The English CBS has benefited from a number of generous bequests and careful financial management and has consequently built up considerable financial reserves. These allow it to provide grants of vessels and vestments to priests celebrating the Eucharist and reserving the Blessed Sacrament in poorer parishes and also to provide financial support to large projects and conferences, including the annual Caister Conference.

In early July 2011, controversy broke when it was first rumoured, then reported in The Times,[1] that the confraternity had made a grant of £1 million to the Personal Ordinariate of Our Lady of Walsingham, thus divesting itself of more than half its assets. Christopher Pearson, superior-general of the confraternity, was reported (by Ruth Gledhill)[1] in The Times as stating that the trustees believed, having taken legal advice, that the grant was compatible with the charitable objects of the confraternity, a view which Pearson also stated in a letter to members of the Confraternity.[2] This was disputed by others including Paul Williamson who described the grant as "a disgrace", and made formal complaints to both the Archbishop of Westminster and the Charity Commission.[3] In June 2012 the Charity Commission for England and Wales stated that following a "substantial number of complaints" it had carried out an investigation, and judged the grant to be improper in that a majority of the Trustees (of CBS) who authorised the grant were themselves members of the Ordinariate, meaning that "the majority of the Trustees [had] a (financial) personal interest in the decision". The Commission ruled that the grant was both "invalid" and "unauthorised".[4][5] The Commission also appeared to rule out any similar grants in the future, when it stated: "there is substantial doubt whether the Confraternity could make a grant to the Ordinariate (even with restrictions) which could be applied by the Ordinariate consistently with the objects of the Confraternity".[5][6] Shortly after the publication of the Charity Commission's findings the Superior-General (Christopher Pearson), Secretary-General, and Treasurer-General of CBS, who were all members of the Ordinariate, resigned. The full £1 million grant was repaid to the Confraternity, with interest.[4]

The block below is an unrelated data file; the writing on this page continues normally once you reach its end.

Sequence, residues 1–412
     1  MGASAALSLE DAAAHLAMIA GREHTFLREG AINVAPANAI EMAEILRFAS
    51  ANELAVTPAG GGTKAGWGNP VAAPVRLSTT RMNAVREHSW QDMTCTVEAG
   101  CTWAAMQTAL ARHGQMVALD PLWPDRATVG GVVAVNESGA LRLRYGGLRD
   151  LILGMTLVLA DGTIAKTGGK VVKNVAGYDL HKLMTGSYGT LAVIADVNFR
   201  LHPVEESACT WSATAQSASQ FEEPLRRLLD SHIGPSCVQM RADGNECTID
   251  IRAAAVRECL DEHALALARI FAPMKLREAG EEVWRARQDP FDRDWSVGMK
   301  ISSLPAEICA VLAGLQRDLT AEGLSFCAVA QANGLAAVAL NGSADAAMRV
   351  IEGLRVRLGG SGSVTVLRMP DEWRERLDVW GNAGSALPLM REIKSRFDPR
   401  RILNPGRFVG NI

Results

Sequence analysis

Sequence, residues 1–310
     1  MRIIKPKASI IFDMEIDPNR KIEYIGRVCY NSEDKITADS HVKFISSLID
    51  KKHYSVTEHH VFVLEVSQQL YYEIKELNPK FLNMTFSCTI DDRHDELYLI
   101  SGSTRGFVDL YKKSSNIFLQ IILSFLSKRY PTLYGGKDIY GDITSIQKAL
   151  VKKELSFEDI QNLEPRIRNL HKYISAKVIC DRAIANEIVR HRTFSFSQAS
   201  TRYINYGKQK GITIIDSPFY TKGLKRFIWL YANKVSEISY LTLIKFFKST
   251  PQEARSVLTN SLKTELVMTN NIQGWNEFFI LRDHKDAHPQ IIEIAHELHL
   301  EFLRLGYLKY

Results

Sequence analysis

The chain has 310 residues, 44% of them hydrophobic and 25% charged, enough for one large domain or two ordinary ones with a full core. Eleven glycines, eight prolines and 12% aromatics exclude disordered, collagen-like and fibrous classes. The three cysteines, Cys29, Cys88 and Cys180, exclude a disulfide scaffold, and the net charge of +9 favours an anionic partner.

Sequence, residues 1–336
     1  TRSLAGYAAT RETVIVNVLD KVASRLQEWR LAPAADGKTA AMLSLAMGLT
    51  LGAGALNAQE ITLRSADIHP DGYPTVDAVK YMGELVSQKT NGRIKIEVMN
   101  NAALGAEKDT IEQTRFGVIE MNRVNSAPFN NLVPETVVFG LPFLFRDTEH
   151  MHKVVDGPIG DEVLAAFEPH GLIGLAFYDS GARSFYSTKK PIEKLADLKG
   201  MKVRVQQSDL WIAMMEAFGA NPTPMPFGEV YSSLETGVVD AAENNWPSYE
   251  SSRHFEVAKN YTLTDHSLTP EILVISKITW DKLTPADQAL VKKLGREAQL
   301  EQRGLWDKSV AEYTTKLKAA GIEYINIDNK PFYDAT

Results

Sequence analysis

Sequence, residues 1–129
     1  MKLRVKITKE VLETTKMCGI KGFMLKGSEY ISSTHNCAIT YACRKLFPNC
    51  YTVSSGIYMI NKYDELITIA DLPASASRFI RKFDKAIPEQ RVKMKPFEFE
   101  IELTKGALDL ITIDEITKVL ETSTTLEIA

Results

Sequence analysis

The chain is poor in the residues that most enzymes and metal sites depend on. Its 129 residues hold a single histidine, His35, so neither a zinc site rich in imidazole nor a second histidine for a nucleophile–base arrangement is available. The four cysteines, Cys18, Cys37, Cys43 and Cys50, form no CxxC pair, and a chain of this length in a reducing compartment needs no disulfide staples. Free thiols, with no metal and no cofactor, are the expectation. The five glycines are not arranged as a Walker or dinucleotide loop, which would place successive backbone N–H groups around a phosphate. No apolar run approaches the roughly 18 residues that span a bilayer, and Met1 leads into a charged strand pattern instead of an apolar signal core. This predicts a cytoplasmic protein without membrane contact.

Other points of interest

The English CBS publishes a quarterly newsletter and prayer schedule, known as the Quarterly Paper or QP, and sent to all associates. Other publications include The Constitution, The Manual, and The Directory (of districts and wards).

There are copies of the society's manuals in the Library and Museum of Freemasonry in London, listed under Classmark 1295 CON.[7]

Members of the Confraternity were instrumental in the founding (in 1869) of a religious order of Anglican nuns whose work was to make reparation (by prayer) for what the founders perceived to be dishonour to Jesus through the historic attitude of the Church of England to the Blessed Sacrament. The sisters were known as the Community of Reparation to Jesus in the Blessed Sacrament (CRJBS).

Bishop Roger Jupp is the current superior-general in the United Kingdom.[8] The Secretary-General of the American branch is the Very Reverend Father William Willoughby III. The Reverend Canon Brian Freeland leads the Canadian organisation.

Notable members

See also


  1. ^ a b Sarmiento, Simon (5 July 2011). "Charity Commission asked to investigate grant to Ordinariate". Thinking Anglicans. Retrieved 24 February 2019.
  2. ^ Pearson, Christopher. "Report by the Superior-General on a Grant". CBS. Retrieved 24 February 2019.
  3. ^ Greaves, Mark (6 July 2011). "Ordinariate receives controversial £1m donation". The Catholic Herald. Retrieved 24 February 2019.
  4. ^ a b Thornton, Ed (29 June 2012). "Ordinariate pays back £1 million to Anglican charity". The Church Times. Retrieved 24 February 2019.
  5. ^ a b "Confraternity of the Blessed Sacrament: Charity Commission decision - summary". The Charity Commission for England & Wales. Retrieved 24 February 2019.
  6. ^ "The Confraternity of the Blessed Sacrament – 1082895" (PDF). The Charity Commission for England & Wales. Retrieved 24 February 2019.
  7. ^ "Home Page: The Library and Museum of Freemasonry". Archived from the original on 2016-02-01. Retrieved 2019-11-14.
  8. ^ Officers listed here Archived 2012-03-13 at the Wayback Machine.

External links

This page was last edited on 27 July 2020, at 11:02